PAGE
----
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Against Medical Advice: One Family's Struggle with an Agonizing Medical Mystery

Against Medical Advice: One Family's Struggle with an Agonizing Medical Mystery

4.1 155
by Patterson

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Cory Friedman woke up one morning when he was five years old with the uncontrollable urge to shake his head and his life was never the same again. From that day forward his life became a hell of uncontrollable tics, urges, and involuntary utterances. Eventually he is diagnosed with Tourette's Syndrome and Obsessive Compulsive disorder, and Cory embarks on an


Cory Friedman woke up one morning when he was five years old with the uncontrollable urge to shake his head and his life was never the same again. From that day forward his life became a hell of uncontrollable tics, urges, and involuntary utterances. Eventually he is diagnosed with Tourette's Syndrome and Obsessive Compulsive disorder, and Cory embarks on an excruciating journey from specialist to specialist, enduring countless combinations of medications in wildly varying doses. Soon it becomes unclear what tics are symptoms of his disease and what are side effects of the drugs. The only certainty is that it kept getting worse. Despite his lack of control, Cory is aware of every embarrassing movement, and sensitive to every person's reaction to his often aggravating presence. Simply put: Cory Friedman's life is a living hell.

AGAINST MEDICAL ADVICE is the true story of Cory and his family's decades-long battle for survival in the face of extraordinary difficulties and a maddening medical establishment. It is a heart-rending story of struggle and triumph with a climax as dramatic as any James Patterson thriller.

Editorial Reviews

From the Publisher
...Kevin Collins is comfortable with the contemporary vernacular of a 15-year old boy. His sinewy voice shifts from bemusement to bitterness, conjuring the mindset of an adolescent beset by overwhelming challenges.—Audiofile
One terrible March morning in 1989, Cory Friedman woke up and began to shake himself into a terror that would last for 15 years. Before long, his physical tics and convulsing would take over his life, almost tearing him apart, reducing a gifted five-year-old into a helpless victim. Physicians diagnosed Tourette syndrome, obsessive-compulsive disorder, anxiety disorder, and other neurological disabilities, but as time passed, it became impossible to distinguish his sicknesses from the effects of the 60 potent medicines that his doctors had prescribed. Cory and, by extension, his family suffered in this volatile inferno before he found solace and release in an unexpected place. Bestselling author James Patterson and Cory's father, Hal Friedman, tell a medical story of calming force.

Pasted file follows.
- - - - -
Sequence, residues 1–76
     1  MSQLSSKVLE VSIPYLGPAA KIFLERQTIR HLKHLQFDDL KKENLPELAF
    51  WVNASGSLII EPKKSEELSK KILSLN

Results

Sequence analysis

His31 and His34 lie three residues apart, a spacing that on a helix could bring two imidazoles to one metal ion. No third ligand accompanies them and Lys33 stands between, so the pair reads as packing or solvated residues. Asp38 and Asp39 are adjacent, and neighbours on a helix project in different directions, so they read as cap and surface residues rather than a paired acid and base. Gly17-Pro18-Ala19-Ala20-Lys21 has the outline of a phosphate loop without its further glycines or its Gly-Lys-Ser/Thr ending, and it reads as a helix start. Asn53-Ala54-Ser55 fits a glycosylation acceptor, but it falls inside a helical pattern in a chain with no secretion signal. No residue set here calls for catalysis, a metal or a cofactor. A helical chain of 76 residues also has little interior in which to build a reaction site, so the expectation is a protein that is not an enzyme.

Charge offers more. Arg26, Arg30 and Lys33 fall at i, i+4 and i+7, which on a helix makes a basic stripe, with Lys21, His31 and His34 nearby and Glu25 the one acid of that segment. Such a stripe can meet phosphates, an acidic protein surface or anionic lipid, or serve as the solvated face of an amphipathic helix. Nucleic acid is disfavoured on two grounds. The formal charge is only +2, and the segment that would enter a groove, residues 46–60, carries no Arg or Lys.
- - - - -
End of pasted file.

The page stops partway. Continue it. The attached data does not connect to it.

Product Details

Hachette Audio
Publication date:
Edition description:
Unabridged, 5 CDs
Product dimensions:
5.72(w) x 5.18(h) x 0.82(d)

Read an Excerpt

Against Medical Advice

One Family's Struggle with an Agonizing Medical Mystery

By James Patterson Hal Friedman Cory Friedman
Little, Brown
Copyright © 2008

James Patterson
All right reserved.

ISBN: 978-0-316-02475-4

Chapter One I'M SEVENTEEN YEARS OLD and lying like a pathetic, helpless lump in the backseat of our family car, being transported to a place that treats crazy people.

This is an exceptional event, even for me. I know that my brain causes unusual problems that no one has been able to treat, but being insane isn't one of them.

How and why I've gotten to this point is complicated, but the main reason I'm here is more immediate. I've finally found the one thing that brings me peace - alcohol.

Now this self-medication has become a life- threatening danger that I cannot fix by myself. The doctors at the place I'm going to promise they can help me. I've heard that one before.

After about an hour, we arrive at a large brick building with a sign that reads DRESSLER PSYCHIATRIC HOSPITAL. In a split second the reality of what's happening becomes very real and very scary.

"Why does it say that?" I call from the backseat, my heart suddenly pounding.

"Don't worry about the sign," my mother says to calm my rising panic. "They treat all different kinds of problems here, Cory."

Dad looks as worried as I am but says softly, "Let's not deal with this now, okay?"

Not deal with going to a hospital for psychos? Sure, no problem. What can my father be thinking?

Inside the main entrance, I enter a very crowded, somewhat noisy waiting room. Being on view always makes me uneasy, so as soon as I start to walk, my feet need to perform a triple hop, three quick steps only inches apart, which throws me off balance.

I have to do this in order to satisfy a tension that is building up in my legs and can't be released any other way. Sometimes this trips me up so much that I go flying to the ground.

I do the triple hop a few more times before reaching out for the safety of one of the empty waiting- room chairs.

Welcome to my fun house, folks.